Album Title: Mei
Performer: Emiko Minakuchi Trio
Label: Musica Guild
Playing time: 48'55"
Recorded: Studio Accès Digital, France 2008.

Emiko Minakuchi was born in Yokohama where she began learning the piano at the age of four. She studied classical music and piano at the Musashino University in Tokyo. Then she discovered jazz and improvisation thanks to pianist Junko Onishi. After attending a Michel Petrucciani live performance at the Tokyo Blue Note jazz club, she decided to move to Paris to study jazz even though she spoke not a word of French.

Today she teaches herself piano at the French jazz school ARPEJ and has released her second album Mei with Hugo Céchosz on bass and Elie Duris on drums. All compositions are her own. Although the style is very different from fellow-country performer Hiromi Uehara, Emiko has found a way to develop her own vision of jazz where she mixes her classical romantic roots with Afro-American music.

Mei remains a pure product of the recent French jazz tradition however. What is particularly compelling is Emiko's work as a composer. This girl definitely has something to say and she does so with rare intelligence and in an appropriate manner which reflects inspirations from many contemporary pianists. "Yuna" and "Fauré" are very captivating tracks with great interaction between the trio's members. Emiko Minakuchi can play loud and sweet and she never goes too fast in her rhythmic abilities to suggest that total fireworks are still in the future.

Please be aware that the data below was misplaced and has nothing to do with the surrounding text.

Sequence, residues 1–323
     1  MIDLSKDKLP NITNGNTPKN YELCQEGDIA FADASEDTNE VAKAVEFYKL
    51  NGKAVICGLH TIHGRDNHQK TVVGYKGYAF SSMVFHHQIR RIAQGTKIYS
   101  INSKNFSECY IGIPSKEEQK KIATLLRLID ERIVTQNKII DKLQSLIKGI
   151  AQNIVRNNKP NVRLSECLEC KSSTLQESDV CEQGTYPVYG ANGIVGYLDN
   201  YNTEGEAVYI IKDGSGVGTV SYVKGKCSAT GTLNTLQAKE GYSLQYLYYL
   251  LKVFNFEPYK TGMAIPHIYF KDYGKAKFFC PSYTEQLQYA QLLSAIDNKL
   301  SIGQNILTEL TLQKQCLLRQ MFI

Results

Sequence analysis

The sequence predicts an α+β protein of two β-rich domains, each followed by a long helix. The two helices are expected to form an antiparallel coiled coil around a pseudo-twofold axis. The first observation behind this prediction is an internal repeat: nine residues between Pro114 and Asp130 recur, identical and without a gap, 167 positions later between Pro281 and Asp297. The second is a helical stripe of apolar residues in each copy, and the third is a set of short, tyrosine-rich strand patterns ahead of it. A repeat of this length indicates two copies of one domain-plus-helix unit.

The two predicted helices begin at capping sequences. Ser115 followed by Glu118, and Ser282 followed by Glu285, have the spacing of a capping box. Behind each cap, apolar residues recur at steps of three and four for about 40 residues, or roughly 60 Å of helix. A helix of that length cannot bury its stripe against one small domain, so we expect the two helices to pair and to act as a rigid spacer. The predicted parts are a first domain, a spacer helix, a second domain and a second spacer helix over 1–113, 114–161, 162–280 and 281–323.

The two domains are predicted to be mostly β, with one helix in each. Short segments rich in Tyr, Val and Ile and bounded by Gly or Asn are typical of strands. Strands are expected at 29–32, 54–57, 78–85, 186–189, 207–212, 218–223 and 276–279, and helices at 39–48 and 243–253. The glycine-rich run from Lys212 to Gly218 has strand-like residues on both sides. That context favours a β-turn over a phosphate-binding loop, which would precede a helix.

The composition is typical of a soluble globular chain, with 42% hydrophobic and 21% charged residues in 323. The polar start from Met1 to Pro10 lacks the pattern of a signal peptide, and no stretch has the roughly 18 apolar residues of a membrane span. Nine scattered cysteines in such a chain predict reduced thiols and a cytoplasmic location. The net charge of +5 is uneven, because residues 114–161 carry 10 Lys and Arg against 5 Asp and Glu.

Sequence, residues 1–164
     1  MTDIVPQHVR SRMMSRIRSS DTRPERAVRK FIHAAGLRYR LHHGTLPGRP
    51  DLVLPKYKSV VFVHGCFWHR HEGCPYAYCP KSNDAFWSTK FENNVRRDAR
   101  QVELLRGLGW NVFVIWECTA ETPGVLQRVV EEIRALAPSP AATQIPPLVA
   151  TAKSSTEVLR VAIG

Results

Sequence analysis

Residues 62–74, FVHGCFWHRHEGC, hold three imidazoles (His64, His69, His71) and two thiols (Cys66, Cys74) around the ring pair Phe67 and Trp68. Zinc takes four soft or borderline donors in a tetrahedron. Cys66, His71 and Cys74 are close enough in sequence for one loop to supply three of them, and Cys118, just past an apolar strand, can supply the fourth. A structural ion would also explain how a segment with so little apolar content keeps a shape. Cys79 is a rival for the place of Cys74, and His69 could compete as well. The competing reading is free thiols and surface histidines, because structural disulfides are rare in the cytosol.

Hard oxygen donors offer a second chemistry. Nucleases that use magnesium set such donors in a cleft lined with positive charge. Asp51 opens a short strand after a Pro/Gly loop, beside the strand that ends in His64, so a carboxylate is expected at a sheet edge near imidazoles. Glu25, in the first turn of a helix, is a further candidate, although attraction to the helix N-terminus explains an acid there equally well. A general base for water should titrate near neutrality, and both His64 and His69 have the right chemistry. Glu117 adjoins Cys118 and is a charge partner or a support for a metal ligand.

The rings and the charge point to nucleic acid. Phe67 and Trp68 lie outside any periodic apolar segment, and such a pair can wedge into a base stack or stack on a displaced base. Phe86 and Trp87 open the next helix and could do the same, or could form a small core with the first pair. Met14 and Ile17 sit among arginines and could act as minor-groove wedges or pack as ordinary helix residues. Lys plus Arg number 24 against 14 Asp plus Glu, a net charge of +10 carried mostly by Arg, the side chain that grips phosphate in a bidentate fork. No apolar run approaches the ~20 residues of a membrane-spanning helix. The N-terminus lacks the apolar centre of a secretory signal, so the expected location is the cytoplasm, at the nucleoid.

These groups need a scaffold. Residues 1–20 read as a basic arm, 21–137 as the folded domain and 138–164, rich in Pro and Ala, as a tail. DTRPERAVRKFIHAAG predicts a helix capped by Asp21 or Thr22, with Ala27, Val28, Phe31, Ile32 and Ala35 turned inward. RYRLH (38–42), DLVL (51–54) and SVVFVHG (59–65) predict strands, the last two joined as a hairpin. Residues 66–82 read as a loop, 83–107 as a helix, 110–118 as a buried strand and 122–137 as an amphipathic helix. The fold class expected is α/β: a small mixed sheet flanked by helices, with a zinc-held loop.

But as Jazz is not merely about virtuosity and the music delivered by this young lady is a true enjoyment. Emiko succeeds in preserving intimacy with personal musical emotions in the same way Leila Olivesi (another young French pianist) succeeds in maintaining her oriental roots in the jazz universe. Bass and drum are also first class. Hugo Céchosz and Elie Duris are completely convincing and they obviously do more than simple sidemen stuff. Because this young French generation needs support and because this latest outing is already musically more interesting than many recent releases from rather more famous jazz artists, I shalll bestow a Blue Moon award without any hesitation whatsoever.